Personally, these years at Rabtt have given me some of my closest friends. They have stuck with me through thick and thin; they were my source of motivation, my fall-back option, and were always there for me. I have met some really amazing people through Rabtt who gave me opportunity to unlearn and then learn with them. They have restored my faith in the future of this country. They all are striving for a better society and a tolerant country and I feel fortunate to know them and work with them in this cause.
I have been mostly working in the shadows; I was never a regular fixture at the Summer Camps. I didn’t have that direct connection with the students. Most of volunteers knew me as the guy who had all of their potential display pictures. But I grew with them; I learned with and from them. Today when I look around, it’s hard to imagine that I met more than half of my social circle through Rabtt. Over the years, it has given me a different kind of identity. It has owned me as much I have tried to own Rabtt and I will be ever grateful for this.
Professionally speaking, Rabtt gave me the space and environment where I could make mistakes, learn from them and grow professionally. I remember making the first poster on MS PowerPoint and today I don’t believe that our any marketing material should be designed on anything except Photoshop. Over the years, I learned how to make strategies for different audiences, how to communicate with them using different social media tools, the basics of good design and even trying out video direction. I have made some errors but the best thing was that the team was always open to try out new ideas. The environment was always inclusive, even though things like operations and curriculum development were not my departments but I always knew what was going on there. That learning has helped me launched my own initiative two years ago and there too Rabtt had an influence as I found my co-founder through Rabtt.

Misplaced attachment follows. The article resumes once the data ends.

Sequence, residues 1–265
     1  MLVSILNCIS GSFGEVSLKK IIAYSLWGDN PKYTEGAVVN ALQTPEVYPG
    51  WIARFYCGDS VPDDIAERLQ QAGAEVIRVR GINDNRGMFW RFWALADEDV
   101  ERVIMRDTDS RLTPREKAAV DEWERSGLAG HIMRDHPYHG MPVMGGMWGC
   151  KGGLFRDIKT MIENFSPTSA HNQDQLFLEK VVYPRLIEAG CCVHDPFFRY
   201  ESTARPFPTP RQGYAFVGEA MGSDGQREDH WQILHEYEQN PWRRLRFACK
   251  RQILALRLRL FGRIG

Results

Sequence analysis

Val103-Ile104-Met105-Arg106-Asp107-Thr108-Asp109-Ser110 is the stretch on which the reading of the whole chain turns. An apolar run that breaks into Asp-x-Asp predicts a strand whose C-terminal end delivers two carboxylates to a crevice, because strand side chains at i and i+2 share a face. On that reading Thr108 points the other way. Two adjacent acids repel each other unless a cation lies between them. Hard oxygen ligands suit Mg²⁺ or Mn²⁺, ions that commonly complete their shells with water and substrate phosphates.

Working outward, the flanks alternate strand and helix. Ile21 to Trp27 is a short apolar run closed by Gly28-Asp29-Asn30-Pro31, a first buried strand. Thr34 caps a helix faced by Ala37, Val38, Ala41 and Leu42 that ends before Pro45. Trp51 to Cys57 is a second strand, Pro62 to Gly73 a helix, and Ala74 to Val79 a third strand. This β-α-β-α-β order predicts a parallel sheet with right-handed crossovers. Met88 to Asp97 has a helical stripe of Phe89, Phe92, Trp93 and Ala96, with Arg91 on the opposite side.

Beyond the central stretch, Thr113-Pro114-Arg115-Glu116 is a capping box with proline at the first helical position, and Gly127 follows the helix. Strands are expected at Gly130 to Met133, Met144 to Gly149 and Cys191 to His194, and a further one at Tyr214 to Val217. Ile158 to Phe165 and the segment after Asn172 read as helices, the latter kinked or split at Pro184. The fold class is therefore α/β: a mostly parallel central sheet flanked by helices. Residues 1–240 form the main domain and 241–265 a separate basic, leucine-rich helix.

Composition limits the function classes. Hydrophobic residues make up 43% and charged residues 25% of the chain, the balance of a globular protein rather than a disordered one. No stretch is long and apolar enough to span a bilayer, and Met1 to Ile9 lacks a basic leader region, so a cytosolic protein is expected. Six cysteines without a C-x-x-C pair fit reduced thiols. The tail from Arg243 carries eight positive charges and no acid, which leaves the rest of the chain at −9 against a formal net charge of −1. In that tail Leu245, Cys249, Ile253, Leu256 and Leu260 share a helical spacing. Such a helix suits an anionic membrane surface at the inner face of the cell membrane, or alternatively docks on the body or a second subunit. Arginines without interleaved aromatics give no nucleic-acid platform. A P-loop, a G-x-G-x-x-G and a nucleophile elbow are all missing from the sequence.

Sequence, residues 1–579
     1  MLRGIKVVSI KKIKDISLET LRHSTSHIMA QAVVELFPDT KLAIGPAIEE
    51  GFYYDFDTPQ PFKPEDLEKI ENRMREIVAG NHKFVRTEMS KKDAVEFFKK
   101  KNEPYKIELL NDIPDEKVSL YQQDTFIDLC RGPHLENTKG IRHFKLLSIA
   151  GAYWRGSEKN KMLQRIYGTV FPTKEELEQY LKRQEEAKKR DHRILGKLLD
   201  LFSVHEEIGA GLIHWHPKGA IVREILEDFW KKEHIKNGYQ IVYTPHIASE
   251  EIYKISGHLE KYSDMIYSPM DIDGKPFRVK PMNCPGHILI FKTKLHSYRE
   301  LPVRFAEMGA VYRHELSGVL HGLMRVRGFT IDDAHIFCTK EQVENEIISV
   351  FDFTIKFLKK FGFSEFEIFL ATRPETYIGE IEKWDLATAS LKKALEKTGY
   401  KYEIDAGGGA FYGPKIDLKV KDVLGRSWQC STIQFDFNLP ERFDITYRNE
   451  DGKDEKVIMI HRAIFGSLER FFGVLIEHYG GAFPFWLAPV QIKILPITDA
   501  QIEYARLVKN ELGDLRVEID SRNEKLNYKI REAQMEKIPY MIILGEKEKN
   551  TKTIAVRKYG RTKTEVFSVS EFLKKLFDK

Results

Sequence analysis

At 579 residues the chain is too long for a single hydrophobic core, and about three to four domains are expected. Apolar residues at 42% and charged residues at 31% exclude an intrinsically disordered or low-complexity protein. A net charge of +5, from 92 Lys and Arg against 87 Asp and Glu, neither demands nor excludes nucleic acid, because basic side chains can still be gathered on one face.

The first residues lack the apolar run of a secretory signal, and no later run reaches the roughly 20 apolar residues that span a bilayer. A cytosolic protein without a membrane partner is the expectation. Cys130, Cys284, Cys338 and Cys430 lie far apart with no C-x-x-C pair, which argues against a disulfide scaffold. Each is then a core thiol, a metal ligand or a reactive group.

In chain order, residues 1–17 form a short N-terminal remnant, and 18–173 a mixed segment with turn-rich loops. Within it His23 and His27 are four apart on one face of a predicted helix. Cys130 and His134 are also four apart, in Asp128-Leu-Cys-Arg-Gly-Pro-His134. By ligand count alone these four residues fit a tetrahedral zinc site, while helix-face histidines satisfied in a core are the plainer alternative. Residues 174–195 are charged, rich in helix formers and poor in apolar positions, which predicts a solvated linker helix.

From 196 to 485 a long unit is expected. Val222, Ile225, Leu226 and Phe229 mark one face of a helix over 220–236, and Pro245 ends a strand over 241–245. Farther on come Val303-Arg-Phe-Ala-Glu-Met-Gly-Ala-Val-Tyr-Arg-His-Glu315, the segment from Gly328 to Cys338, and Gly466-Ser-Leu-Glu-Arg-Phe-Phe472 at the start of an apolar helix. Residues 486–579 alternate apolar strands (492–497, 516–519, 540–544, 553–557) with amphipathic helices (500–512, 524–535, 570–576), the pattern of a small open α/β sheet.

It would be unfair not to mention Imran`s role in my life. I have seen him evolve over the years and he has always tried to take everyone with him on this journey. He has been an inspiring mentor, a good leader and a great friend; it is hard to imagine any of this happening without him. He took up the cause and gave his everything and more importantly he believed in all of us, in our hidden talents and above all, in the goodness in us.
A lot has changed over the years, Rabtt`s model has evolved and we tried out different things making a lot of mistakes. Some of them were inevitable; some of them could have been avoided. Maybe we could have been a bit more realistic in our objectives, maybe we could have had more accountability but one thing none of us questions is the sincerity and dedication towards a more empathetic Pakistan. Hibernation does not really means the end of everything, it basically means that we are taking a step back from full-time operations and maybe some of the team members will be conducting trainings and programs keeping in line with the core mission of the organization. I am not sure if I will be a part of it again, I am not sure if all of us will sit together in one room having those meetings, our outdoor road trips or just eating samosas but I think we left on a high note. I believe in these people, I know whatever they do in any capacity, they will try to make some positive change in other people`s life. We need more of them in this country!
Before I end, I just want to thank each and every one of you who have been involved in Rabtt in whatever capacity and for whatever reason. You guys have helped us learn, grow and succeed. Some of you felt the connection, for some it was just an experience and many of you never came back to connect with us but I hope that most of you took away something from this experiment. I sincerely believe that our generation is the last chance for this country. So my only request is to play your destined role to your full capacity.
The future is uncertain, and as we admitted in the Rabtt Blue Book, “Whether Rabtt, as an organization, resumes operations in its somewhat original form, emerges anew, or continues to make contributions as a platform for consultancy and sharing ideas, we humbly hand the baton to you.”
Written by Hammad Anwar
The writer works in the social sector with a special interest in counter extremism, and storytelling through visuals. He tweets @manihammad